6. Joshua’s Recognition
Exodus 17:14 “And the Lord said unto Moses, write this for a memorial in a book, and rehearse it in the ears of Joshua; for I will utterly put out the remembrance of Amalek from under heaven,” indicates that God had chosen Joshua for a special work in the future. Unknown to Joshua, the battle with Amalek was a testing time when God was examining his faith and courage. Marsden commented: “Make every occasion a great occasion, for you can never tell when someone may be taking your measure for a larger place.” Joshua’s conflict with Amalek was the preparation for many battles he would fight in the Promised Land.
7. Joshua’s Loyalty
Joshua was jealous not only for God’s Glory but also for the honour and authority of Moses. This is a good characteristic for the Servant to have, and it showed up when God sent His Spirit upon the Seventy Elders, Moses had chosen to assist him in his work (Numbers 11:16-30). – when the Spirit of the LORD came upon Eldad and Medad in the camp, two men who had not assembled with the other Elders at the Tabernacle, Joshua protested and asked Moses to stop them from prophesying (for a New Testament parallel, see Luke 9:49-50). This called forth Moses’ magnanimous reply: “Would that all the people were prophets, that the LORD would put His Spirit upon them” (Numbers 11:29). It is worth noting that when the inheritance was allotted after the conquest of the Promised Land, Joshua took his share last (Joshua 19:49-51).
8. Joshua’s Delay
Hebrews 6:12 “We do not want you to become lazy, but to imitate those who through faith and patience inherit what has been promised” (NIV). When Israel arrived at Kadesh Barnea, on the border of the Promised Land, God commanded Moses to appoint twelve men to spy out the Land of Canaan – Joshua was among them (Numbers 13). After forty days of investigating the Land, the Spies returned to Moses and reported that the Land was indeed a good Land (Numbers 13:27), but ten of the spies discouraged the people by saying that Israel was not strong enough to overcome the Enemies (Numbers 13:28-33), while two of the Spies – Joshua and Caleb encouraged the people to trust God and move into the Land (Numbers 13:30; 14:6-9). Sadly, the people listened to the faithless ten Spies. It was the act of unbelief and rebellion that delayed the conquest of the Land for forty years (Numbers 14:29-34). The crisis revealed some fine Leadership qualities in Joshua. He was not blind to the realities of the situation, but he did not allow the problems and difficulties to rob him of his Faith in God (Numbers 14:6-9).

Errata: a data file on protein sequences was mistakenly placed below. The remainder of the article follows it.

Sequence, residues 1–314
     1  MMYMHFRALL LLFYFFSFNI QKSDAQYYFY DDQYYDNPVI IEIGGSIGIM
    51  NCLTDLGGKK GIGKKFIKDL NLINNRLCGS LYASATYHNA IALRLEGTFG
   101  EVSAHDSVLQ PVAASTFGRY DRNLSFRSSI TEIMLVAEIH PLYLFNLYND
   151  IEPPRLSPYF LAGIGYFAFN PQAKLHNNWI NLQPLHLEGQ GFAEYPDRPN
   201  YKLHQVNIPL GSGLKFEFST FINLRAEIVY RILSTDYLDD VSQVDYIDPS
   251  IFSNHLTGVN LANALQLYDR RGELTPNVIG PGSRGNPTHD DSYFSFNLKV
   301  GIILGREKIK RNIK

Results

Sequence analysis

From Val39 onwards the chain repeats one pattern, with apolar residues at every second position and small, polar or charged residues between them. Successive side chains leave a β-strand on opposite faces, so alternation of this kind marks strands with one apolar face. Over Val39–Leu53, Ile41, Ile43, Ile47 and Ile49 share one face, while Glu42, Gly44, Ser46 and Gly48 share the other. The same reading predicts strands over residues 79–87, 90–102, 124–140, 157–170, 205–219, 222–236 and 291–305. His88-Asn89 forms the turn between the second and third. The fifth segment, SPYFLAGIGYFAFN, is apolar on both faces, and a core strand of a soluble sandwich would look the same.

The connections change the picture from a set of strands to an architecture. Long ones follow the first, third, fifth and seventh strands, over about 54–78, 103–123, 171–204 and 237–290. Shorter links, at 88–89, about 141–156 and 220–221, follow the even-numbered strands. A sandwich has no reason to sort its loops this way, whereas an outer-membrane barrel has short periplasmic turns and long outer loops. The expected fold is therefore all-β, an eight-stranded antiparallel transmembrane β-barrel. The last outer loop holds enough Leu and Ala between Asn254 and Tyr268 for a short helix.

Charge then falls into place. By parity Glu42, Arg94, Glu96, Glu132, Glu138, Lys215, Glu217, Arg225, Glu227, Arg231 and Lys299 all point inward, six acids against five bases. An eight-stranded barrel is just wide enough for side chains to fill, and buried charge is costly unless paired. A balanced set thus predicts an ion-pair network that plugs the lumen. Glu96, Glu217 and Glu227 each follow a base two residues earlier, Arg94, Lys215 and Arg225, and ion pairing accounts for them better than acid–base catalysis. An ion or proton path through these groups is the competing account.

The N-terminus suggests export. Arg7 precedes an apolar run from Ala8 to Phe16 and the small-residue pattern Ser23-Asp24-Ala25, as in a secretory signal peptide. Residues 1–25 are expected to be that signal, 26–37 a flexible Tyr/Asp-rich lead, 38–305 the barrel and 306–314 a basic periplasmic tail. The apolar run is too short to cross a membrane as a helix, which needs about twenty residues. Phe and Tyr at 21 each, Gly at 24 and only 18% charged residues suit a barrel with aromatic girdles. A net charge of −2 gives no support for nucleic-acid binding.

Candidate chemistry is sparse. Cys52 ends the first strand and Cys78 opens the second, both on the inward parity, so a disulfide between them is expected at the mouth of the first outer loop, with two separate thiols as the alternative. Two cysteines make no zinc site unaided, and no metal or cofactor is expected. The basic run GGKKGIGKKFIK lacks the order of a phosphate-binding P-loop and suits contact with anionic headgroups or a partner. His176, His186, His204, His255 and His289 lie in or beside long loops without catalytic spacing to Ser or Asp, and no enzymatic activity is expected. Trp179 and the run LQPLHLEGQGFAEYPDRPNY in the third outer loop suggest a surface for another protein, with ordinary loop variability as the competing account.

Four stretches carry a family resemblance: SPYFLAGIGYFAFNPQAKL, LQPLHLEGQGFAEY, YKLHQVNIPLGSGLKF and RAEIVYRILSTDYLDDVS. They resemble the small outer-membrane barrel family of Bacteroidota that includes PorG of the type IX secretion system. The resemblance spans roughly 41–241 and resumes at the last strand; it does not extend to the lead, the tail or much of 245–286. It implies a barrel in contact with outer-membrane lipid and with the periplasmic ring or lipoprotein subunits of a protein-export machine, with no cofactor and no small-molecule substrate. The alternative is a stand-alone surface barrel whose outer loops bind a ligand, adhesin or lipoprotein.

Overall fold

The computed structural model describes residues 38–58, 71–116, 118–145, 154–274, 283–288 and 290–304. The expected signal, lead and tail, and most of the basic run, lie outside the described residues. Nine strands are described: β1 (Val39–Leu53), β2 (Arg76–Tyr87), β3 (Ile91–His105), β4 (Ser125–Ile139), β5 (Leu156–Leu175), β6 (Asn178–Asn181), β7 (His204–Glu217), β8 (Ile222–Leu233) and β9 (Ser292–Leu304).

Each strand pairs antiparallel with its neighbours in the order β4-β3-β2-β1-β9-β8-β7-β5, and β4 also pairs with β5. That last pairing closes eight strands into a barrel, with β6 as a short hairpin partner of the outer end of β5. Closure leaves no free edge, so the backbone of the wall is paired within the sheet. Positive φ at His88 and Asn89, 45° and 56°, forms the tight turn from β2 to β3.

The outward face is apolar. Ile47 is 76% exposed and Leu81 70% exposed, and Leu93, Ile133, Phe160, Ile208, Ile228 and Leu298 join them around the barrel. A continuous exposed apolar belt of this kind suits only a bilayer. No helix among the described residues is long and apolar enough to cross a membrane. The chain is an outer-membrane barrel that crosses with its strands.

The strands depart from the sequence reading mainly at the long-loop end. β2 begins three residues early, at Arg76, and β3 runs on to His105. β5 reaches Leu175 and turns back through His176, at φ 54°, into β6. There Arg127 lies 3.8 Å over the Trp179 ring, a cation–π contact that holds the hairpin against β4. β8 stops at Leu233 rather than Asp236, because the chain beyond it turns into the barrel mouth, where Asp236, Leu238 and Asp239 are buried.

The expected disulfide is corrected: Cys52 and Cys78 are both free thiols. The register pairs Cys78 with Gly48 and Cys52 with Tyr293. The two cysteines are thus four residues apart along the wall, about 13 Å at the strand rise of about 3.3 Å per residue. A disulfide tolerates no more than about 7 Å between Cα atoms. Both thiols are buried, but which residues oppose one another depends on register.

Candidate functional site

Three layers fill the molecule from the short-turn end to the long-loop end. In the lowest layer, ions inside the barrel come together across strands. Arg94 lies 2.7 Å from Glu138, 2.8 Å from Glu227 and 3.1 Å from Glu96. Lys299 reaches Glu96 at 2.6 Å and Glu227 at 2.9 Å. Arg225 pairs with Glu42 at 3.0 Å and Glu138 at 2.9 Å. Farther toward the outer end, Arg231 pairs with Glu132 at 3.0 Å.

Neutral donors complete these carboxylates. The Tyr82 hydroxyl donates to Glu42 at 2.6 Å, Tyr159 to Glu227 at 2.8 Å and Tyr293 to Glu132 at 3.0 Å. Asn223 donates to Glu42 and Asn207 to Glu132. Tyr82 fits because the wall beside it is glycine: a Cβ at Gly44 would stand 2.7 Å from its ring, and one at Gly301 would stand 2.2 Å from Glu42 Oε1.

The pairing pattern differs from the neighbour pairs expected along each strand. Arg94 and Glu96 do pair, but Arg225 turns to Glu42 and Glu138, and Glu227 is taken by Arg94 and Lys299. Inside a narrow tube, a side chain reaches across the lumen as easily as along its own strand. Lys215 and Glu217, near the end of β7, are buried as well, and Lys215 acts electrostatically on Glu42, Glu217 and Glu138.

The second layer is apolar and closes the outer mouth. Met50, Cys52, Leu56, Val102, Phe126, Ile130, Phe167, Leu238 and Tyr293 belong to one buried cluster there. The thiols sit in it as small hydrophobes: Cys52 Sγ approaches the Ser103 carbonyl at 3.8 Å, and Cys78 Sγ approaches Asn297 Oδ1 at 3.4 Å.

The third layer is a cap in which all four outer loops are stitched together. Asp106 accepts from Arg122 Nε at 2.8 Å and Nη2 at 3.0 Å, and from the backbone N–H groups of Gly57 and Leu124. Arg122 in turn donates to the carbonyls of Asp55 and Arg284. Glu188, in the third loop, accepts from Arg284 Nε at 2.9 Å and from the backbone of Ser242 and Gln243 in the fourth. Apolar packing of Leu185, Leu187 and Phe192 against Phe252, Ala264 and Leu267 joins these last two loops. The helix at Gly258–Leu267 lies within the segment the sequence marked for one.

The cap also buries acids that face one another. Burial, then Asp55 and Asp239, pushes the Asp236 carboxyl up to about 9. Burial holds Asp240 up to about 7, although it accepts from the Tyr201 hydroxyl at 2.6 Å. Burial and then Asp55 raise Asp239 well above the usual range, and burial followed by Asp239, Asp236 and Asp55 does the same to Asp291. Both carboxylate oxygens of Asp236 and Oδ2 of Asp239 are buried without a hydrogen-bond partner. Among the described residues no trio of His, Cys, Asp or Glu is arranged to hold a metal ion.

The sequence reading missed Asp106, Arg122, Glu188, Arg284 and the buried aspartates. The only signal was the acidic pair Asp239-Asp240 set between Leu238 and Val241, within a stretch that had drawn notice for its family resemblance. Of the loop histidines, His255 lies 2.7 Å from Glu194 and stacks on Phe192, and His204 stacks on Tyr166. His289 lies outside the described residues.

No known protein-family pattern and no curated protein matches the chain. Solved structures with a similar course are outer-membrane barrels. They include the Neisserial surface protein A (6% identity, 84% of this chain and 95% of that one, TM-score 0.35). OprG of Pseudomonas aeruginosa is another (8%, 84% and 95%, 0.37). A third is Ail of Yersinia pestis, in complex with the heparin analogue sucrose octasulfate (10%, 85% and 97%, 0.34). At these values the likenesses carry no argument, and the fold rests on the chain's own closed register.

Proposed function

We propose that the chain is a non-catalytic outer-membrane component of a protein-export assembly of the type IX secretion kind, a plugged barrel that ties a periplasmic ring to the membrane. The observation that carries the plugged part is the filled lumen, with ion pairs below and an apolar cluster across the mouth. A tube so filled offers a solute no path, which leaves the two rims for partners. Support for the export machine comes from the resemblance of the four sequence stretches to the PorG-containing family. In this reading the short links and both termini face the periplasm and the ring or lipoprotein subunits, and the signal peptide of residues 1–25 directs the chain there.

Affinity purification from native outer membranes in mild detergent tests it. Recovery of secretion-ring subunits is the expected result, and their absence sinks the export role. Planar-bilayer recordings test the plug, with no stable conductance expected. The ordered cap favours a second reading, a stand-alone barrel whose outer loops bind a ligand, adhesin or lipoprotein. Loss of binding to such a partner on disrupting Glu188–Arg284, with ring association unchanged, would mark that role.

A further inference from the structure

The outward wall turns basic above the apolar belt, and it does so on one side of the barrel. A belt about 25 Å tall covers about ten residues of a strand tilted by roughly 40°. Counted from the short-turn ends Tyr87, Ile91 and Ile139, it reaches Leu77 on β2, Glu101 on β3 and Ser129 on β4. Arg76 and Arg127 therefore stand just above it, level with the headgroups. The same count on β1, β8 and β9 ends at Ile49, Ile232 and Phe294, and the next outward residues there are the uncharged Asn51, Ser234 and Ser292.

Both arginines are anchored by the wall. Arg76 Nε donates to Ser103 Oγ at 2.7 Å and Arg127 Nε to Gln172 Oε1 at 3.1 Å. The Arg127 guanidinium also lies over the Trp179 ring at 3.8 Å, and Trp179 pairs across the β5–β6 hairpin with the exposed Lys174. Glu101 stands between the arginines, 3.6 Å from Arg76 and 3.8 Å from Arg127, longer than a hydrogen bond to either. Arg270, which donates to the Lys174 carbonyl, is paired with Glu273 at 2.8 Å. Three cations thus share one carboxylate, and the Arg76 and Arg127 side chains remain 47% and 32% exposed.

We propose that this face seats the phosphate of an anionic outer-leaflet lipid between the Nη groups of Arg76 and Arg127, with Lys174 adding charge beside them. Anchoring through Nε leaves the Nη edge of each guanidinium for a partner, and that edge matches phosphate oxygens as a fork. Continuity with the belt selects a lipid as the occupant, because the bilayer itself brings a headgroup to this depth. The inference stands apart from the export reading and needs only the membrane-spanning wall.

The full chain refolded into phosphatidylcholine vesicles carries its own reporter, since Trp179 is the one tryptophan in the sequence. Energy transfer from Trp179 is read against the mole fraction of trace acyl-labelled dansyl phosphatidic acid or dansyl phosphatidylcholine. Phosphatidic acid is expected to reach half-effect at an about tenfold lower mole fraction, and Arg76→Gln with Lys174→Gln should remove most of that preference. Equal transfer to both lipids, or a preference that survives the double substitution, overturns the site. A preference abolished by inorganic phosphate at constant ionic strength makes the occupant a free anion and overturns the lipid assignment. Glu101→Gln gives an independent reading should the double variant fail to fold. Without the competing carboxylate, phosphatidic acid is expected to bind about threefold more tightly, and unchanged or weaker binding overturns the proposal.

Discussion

The ten Spies looked at God through the difficulties (Numbers 13:33), while Joshua and Caleb looked at the difficulties through what they knew about God. Israel’s God is Powerful for the battles that lay ahead (Numbers 14:7-9). Knowing he was right; Joshua was not afraid to stand up against the majority. Joshua, Moses and Caleb stood alone and risked their lives in so doing (Numbers 14:10a); but God stood with them (Numbers 14:10b). It has well said that “one with God is a majority.” It would take that kind of courage for Joshua to lead Israel into their Promised Land (Canaan Land) so they could defeat their Enemies and claim their Inheritance.
It is through faith and patience that we inherit what God has promised (Hebrews 6:12). Had the people of Israel listened to Joshua and Caleb, they would have entered their Inheritance (Numbers 13:26 to14:10). The years of blessing in the Promised Land that Joshua forfeited because the people had no faith in God.
But Joshua patiently stayed with Moses and did his job, knowing that one day he and Caleb would get their promised Inheritance (Numbers 14:1-9). Both Joshua and Caleb patiently endured the trials of the Wilderness Wandering for forty years because they knew they would one day enter into and claim their Inheritance in the Promised Land.
Leaders must know not only how to win victories but also how to accept delay. Joshua and Caleb must have encouraged each other during the 40 years of Wilderness delay. Year by year, for forty years, they saw the older Generation, those 20 years and above, die (Numbers 14:29), but each year brought them closer to their Inheritance of the Promised Land (c/f Hebrews 10:22-25). In their unbelief, the earlier Generation of the children of Israel rejected “the work of faith” and refused to enter the Promised Land; but they could not rob Joshua of his “patience of hope” (1Thessalonians 1:3). A Leader must learn to wait. Often his Followers do not always see as far as the Leader sees or has faith to believe.
The vision of future – Proverbs 29:18a “Where there is no vision (revelation), the people cast off restraint,” NIV) is what motivates a true Leader; but, like Israel, too often the people are looking back. I suppose every Leader has at one time or another identified with Jesus when He said: “O unbelieving and perverse generation, how long shall I stay with you and put up with you” (Luke 9:41, NIV). On more than one occasion Joshua witnessed Moses pouring out his heart to the LORD because of the unbelief and stubbornness of the people.
Stay Tuned….. To be continued….